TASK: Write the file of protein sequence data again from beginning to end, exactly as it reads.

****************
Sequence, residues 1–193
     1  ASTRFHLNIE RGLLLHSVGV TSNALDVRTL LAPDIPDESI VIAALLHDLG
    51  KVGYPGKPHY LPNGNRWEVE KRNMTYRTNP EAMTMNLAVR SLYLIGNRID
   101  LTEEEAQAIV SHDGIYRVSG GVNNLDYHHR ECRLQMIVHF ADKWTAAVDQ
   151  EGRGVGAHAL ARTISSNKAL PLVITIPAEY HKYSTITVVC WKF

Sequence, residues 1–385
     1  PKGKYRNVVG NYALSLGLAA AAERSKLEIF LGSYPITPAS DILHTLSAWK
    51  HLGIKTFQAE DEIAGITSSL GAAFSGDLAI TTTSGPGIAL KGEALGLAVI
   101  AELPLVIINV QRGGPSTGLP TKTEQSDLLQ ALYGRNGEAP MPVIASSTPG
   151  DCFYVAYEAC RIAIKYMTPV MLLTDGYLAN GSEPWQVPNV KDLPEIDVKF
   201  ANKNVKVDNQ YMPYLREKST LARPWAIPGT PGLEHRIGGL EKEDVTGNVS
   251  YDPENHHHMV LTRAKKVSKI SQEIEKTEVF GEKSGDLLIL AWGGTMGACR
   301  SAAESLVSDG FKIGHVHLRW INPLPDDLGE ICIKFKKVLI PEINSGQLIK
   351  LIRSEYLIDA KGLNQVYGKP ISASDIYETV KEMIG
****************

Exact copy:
Sequence, residues 1–193
     1  ASTRFHLNIE RGLLLHSVGV TSNALDVRTL LAPDIPDESI VIAALLHDLG
    51  KVGYPGKPHY LPNGNRWEVE KRNMTYRTNP EAMTMNLAVR SLYLIGNRID
   101  LTEEEAQAIV SHDGIYRVSG GVNNLDYHHR ECRLQMIVHF ADKWTAAVDQ
   151  EGRGVGAHAL ARTISSNKAL PLVITIPAEY HKYSTITVVC WKF

Sequence, residues 1–385
     1  PKGKYRNVVG NYALSLGLAA AAERSKLEIF LGSYPITPAS DILHTLSAWK
    51  HLGIKTFQAE DEIAGITSSL GAAFSGDLAI TTTSGPGIAL KGEALGLAVI
   101  AELPLVIINV QRGGPSTGLP TKTEQSDLLQ ALYGRNGEAP MPVIASSTPG
   151  DCFYVAYEAC RIAIKYMTPV MLLTDGYLAN GSEPWQVPNV KDLPEIDVKF
   201  ANKNVKVDNQ YMPYLREKST LARPWAIPGT PGLEHRIGGL EKEDVTGNVS
   251  YDPENHHHMV LTRAKKVSKI SQEIEKTEVF GEKSGDLLIL AWGGTMGACR
   301  SAAESLVSDG FKIGHVHLRW INPLPDDLGE ICIKFKKVLI PEINSGQLIK
   351  LIRSEYLIDA KGLNQVYGKP ISASDIYETV KEMIG